TB: Won’t have any impact on collecting, will have an impact on sales of new Civil War books at Barnes & Noble, etc.
PT: Are there any types of CW books that are especially in demand, or “hot?”
TB: Rare Confederate titles.

I, for one thoroughly enjoy my collecting passion (vice?) and hope it extends well into my golden years. (My wife will beg to differ) Nevertheless, his observations do not bode well for our hobby. I wonder if this situation extends into all fields or genres of book collecting? To take it a step further, are books as we've come to know them slowly going the way of the 78 rpm or LP record?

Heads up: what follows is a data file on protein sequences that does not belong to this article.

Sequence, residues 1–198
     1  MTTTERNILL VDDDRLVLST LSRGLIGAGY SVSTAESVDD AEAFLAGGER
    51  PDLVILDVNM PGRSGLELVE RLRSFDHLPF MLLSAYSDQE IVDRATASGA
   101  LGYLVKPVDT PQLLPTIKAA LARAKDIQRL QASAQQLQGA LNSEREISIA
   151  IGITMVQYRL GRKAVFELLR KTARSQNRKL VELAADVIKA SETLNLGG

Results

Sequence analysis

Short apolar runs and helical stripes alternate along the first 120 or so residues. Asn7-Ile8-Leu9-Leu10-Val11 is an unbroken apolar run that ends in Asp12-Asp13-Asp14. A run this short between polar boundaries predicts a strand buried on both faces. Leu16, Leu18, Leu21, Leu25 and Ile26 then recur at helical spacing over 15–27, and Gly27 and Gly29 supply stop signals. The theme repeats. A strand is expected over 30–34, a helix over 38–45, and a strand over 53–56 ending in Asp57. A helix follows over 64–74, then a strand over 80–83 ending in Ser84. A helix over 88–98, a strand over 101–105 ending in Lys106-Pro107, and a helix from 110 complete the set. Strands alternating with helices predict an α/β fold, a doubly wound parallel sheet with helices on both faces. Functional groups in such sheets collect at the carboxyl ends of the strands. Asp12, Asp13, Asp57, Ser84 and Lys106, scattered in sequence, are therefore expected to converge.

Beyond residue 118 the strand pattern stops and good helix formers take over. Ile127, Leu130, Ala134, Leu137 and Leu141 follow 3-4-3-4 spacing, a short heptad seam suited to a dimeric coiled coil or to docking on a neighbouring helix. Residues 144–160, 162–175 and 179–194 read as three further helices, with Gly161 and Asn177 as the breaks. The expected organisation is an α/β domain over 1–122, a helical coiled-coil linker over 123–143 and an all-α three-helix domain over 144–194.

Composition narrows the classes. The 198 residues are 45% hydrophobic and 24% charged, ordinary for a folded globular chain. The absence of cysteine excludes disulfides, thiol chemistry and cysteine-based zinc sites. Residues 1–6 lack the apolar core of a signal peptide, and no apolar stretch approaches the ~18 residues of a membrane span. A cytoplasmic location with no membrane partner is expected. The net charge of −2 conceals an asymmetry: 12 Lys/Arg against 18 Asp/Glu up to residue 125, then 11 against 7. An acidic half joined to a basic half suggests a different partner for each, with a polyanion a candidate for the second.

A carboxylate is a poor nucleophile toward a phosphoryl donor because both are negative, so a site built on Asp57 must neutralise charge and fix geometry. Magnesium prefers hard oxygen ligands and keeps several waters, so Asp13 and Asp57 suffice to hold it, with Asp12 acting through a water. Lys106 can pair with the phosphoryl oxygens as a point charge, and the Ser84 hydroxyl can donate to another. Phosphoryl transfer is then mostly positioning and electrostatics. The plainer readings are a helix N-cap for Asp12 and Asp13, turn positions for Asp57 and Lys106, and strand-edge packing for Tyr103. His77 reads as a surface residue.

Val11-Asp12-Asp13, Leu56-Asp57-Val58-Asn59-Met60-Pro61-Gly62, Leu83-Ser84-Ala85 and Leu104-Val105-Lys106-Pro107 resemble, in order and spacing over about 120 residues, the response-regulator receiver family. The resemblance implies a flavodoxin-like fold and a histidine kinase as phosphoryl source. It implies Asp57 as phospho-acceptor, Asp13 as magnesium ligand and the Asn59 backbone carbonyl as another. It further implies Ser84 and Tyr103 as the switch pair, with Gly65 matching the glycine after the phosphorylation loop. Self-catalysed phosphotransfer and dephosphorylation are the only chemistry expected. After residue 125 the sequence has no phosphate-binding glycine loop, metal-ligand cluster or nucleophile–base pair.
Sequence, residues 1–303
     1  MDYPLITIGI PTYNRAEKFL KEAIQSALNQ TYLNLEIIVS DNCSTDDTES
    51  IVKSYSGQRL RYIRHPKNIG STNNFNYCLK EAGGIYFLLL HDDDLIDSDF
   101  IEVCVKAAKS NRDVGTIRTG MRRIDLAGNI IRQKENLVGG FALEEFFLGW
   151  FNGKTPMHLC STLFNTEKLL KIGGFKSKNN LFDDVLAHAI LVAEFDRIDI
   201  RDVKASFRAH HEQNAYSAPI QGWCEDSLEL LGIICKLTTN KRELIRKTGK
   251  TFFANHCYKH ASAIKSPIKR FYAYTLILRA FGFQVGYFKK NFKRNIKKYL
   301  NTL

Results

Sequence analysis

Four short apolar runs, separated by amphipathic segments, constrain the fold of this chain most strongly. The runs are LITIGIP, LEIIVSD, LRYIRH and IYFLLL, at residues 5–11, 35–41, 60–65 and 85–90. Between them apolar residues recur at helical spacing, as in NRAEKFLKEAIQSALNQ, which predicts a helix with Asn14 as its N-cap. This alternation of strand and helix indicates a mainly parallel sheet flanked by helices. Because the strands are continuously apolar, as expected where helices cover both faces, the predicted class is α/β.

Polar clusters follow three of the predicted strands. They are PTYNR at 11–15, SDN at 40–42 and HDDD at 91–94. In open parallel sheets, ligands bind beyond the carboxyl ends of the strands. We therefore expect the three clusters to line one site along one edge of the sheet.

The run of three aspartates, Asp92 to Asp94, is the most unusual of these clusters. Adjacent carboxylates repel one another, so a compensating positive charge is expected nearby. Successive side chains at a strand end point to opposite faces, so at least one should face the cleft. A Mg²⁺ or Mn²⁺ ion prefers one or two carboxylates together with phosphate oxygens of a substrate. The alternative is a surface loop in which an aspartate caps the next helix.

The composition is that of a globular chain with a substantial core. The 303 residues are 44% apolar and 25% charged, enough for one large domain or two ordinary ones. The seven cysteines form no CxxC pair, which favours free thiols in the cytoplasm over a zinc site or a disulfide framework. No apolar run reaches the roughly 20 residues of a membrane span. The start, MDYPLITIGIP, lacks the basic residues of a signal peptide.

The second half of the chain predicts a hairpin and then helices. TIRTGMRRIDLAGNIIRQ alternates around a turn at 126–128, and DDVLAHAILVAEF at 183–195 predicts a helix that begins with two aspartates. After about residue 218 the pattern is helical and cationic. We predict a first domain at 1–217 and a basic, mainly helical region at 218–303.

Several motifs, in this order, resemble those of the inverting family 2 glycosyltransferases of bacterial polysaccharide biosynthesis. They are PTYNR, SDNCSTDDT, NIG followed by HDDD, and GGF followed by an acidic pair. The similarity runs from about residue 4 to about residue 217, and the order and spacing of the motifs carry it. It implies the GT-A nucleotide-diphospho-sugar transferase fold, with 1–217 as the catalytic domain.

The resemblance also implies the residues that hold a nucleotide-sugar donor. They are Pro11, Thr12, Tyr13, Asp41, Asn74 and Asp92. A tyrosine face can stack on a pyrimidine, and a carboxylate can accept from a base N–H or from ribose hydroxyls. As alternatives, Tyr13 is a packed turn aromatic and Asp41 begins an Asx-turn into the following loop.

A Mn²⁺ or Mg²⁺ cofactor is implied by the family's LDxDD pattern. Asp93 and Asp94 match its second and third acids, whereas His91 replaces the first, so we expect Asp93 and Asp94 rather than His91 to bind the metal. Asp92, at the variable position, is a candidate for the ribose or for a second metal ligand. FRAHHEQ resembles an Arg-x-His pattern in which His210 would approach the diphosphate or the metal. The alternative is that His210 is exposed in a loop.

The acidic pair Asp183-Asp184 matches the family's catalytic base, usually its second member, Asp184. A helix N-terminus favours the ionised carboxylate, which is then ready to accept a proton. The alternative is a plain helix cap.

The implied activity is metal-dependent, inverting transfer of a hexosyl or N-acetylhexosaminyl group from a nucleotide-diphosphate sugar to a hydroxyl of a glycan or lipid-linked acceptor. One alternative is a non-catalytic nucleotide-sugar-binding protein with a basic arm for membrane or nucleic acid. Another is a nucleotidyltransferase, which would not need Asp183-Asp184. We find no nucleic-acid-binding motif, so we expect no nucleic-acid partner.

September 22, 2007

Easton Press

Reading an online story the other day about Doris Kearns Goodwin prompted me to think about her latest book, Team of Rivals: The Political Genius of Abraham Lincoln. From a first edition collector's perspective, it will probably never command a large premium because its first print run was a bazillion copies, or so it seemed. The Easton Press however, did produce a lovely signed edition as part of their Signed First Editions series. For those who may not know, the Easton Press primarily produces full leatherbound editons of past classic works. They usually feature silk endpapers, a silk ribbon pagemarker, gilt edges, and perhaps a full-color illustration or two not found in the publisher's original trade edition. They certainly look good sitting on the shelf, but from a purist collector's perspective, these books are essentially nothing more than fancy reprints of past works.